When Kovacs starts feeling the pull of those same pheromones with Ortega (played by Martha Higareda) and the two finally act on it in Episode 5, “it’s such an Altered Carbon moment,” Kinnaman said. “It’s a love triangle, but I’m two parts of the triangle. It’s completely going through the same kind of thing that you would with jealousy for someone’s ex, only that I’m jealous of the body that I’m wearing. I’m jealous of myself, in a weird way.”

The jealousy manifests itself when Kovacs asks Ortega to explain the scars on his sleeve, and the two start touching. “I love how it was completely logical, even though it’s so odd,” Kinnaman said.

Credit: Netflix

Martha Higareda (Kristin Ortega)

It’s not every day that you have to fight a succession of naked women, but that’s what Kristin Ortega has to do when she stumbles upon Reileen’s “womb,” where she stores at least half a dozen clones for backup, and Reileen needlecasts into them one by one to take on the intruding cop in Episode 8.

“I have a lot of admiration for Dichen, who plays Reileen,” Higareda said. “She carried that scene just like her body was nothing. She was impersonating this beautiful woman who was so powerful, she could care less if she were naked or not.”

The scene took four days to shoot, and was tightly choreographed, since it required “all these beautiful women,” as in the multiple body doubles who resembled Dichen Lachman. “I loved the moment we had as women just sharing this space together,” Higareda said.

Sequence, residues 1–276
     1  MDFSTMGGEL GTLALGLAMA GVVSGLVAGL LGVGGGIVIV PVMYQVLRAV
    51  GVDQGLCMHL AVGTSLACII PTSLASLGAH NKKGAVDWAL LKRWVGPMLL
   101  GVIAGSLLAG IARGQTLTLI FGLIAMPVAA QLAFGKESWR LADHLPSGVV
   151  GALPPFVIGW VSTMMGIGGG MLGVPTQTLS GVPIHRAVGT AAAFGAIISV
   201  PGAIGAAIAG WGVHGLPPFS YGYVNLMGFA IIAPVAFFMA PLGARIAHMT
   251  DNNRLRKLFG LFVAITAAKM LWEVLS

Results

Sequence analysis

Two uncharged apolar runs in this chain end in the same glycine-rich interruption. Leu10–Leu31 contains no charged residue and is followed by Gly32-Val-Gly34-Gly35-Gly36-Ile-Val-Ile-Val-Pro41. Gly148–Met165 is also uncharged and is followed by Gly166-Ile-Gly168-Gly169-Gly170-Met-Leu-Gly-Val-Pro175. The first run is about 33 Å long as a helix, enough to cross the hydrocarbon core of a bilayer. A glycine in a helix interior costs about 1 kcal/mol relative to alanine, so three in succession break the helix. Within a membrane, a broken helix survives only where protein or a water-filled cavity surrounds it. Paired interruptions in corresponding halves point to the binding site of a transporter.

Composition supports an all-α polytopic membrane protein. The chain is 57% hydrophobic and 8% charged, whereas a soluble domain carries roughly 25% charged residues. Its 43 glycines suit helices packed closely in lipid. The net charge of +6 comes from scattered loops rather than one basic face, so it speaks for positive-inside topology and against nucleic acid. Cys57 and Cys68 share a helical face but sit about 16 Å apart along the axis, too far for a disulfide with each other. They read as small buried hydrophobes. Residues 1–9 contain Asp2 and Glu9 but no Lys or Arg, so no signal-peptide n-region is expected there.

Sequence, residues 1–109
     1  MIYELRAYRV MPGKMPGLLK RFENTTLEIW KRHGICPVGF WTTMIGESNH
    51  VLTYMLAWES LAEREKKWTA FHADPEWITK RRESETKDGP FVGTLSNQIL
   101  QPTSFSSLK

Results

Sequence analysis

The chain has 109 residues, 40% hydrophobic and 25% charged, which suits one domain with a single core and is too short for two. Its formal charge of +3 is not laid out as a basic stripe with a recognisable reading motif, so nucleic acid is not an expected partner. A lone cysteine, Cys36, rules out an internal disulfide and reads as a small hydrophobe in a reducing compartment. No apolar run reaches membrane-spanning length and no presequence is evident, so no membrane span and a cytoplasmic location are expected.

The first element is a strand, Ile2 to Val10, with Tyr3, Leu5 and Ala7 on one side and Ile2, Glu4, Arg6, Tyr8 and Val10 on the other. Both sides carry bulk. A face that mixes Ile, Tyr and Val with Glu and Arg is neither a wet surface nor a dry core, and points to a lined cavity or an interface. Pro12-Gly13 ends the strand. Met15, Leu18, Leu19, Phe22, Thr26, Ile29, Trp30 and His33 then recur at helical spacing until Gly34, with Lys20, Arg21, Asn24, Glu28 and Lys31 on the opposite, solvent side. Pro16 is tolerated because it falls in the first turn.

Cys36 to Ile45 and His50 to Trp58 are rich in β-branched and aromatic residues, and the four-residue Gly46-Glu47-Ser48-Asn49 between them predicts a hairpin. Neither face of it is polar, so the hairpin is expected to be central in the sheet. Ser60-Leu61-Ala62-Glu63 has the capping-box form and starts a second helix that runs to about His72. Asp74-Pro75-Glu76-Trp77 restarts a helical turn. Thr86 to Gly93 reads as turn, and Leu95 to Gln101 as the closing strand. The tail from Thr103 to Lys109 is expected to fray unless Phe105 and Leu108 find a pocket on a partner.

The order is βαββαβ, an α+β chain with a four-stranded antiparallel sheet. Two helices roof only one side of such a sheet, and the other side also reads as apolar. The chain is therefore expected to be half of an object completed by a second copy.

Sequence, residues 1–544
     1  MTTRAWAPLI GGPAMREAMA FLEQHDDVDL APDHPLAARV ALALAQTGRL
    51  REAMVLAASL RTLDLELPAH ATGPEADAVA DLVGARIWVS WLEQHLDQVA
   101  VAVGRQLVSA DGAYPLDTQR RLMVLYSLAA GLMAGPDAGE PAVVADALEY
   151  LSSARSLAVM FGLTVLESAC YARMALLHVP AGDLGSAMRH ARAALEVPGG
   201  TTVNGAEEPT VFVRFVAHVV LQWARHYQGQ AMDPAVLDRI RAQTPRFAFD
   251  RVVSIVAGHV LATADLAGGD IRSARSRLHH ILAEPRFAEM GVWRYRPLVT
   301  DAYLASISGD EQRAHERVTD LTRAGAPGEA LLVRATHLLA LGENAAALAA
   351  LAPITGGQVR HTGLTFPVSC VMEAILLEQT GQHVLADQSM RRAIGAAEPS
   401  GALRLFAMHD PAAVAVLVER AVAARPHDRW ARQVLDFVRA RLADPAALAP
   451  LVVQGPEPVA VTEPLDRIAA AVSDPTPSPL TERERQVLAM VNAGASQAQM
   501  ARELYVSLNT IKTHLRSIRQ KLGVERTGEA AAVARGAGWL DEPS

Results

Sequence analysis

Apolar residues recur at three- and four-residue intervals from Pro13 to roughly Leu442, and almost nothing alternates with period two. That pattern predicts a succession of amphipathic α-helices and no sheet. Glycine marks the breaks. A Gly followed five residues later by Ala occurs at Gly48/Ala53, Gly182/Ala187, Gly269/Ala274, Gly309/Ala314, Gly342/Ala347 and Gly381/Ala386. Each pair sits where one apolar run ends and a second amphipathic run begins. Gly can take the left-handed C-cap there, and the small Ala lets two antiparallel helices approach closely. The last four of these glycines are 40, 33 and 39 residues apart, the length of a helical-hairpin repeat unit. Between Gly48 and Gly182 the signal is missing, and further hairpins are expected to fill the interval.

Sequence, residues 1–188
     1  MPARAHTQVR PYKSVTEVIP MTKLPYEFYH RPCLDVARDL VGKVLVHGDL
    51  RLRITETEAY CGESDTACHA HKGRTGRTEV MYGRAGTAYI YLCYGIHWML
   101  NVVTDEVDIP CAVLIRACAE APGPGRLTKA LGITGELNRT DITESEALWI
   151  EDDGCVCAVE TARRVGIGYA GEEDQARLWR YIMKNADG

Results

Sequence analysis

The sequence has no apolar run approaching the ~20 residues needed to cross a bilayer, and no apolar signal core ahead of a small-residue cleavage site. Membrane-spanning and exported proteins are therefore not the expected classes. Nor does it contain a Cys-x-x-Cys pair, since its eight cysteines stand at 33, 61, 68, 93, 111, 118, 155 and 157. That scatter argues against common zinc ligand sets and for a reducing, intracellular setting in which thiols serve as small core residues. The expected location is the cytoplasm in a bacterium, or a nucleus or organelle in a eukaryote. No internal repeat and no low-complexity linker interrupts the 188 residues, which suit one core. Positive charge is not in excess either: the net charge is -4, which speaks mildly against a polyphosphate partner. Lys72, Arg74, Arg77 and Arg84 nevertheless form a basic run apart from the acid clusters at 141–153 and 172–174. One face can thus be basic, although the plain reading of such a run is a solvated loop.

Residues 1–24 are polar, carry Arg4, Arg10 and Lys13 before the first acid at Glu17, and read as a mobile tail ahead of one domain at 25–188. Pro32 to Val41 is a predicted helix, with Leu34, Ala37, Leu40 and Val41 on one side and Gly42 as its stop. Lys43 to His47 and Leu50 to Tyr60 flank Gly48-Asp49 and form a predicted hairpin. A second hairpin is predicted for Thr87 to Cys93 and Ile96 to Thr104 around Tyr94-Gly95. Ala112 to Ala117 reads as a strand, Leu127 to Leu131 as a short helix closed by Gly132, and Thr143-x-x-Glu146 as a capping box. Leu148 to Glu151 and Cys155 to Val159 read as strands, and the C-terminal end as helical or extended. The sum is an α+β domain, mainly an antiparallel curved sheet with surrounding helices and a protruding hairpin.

The actress also loved the result of that scene, which is that Reileen borrows Kristin’s sleeve and takes it for a ride in Episode 9. “I got to play Reileen!” she exclaimed. “That was so much fun. That’s losing the accent, moving as she does, while being naked with Joel in front of me, and the whole crew, for the whole scene. You’re vulnerable, but because it’s Reileen, you get to play it powerfully.”

Credit: Netflix

James Purefoy (Laurens Bancroft)

Of course, nothing is more powerful than a god. One of the scenes that made Purefoy accept the part of the long-living, mega-rich “Meth” Laurens Bancroft comes in Episode 5, when he visits the descendants of plague victims in a restricted-area, sealed-off refugee camp, doing what his wife refers to as “ministering to the masses.” Guards warn, “You touch them, you die,” but Laurens touches them freely, because prolonged skin contact is not a danger to someone who has a nearly endless supply of backup clones. What does it matter if this particular sleeve dies? And walking among them — flaunting the ability to die and be reborn — gives him a charge.

“I loved this idea,” Purefoy said. “I loved the duality of being so monstrously egotistical that you would keep coming back, week after week after week, dying and being reborn, dying and being reborn, and still coming back. They would see you as a living god.”

Bancroft rattles off the names of gods and figures in various mythologies — Odin, Jupiter, Zeus, and Colossus — to underscore what he means when he says, “I give them something to believe in.”

Bancroft deems dying on the people’s behalf a “sacrifice,” but Kovacs calls him out on it and calls it “theater,” pointing out that if Bancroft truly cared for the plague carriers, he could buy them new sleeves. Instead, he prefers to be worshiped. “The contradiction between being selfless and selfish was fascinating,” Purefoy said. “And it was probably true. You can be selfish and still help someone.”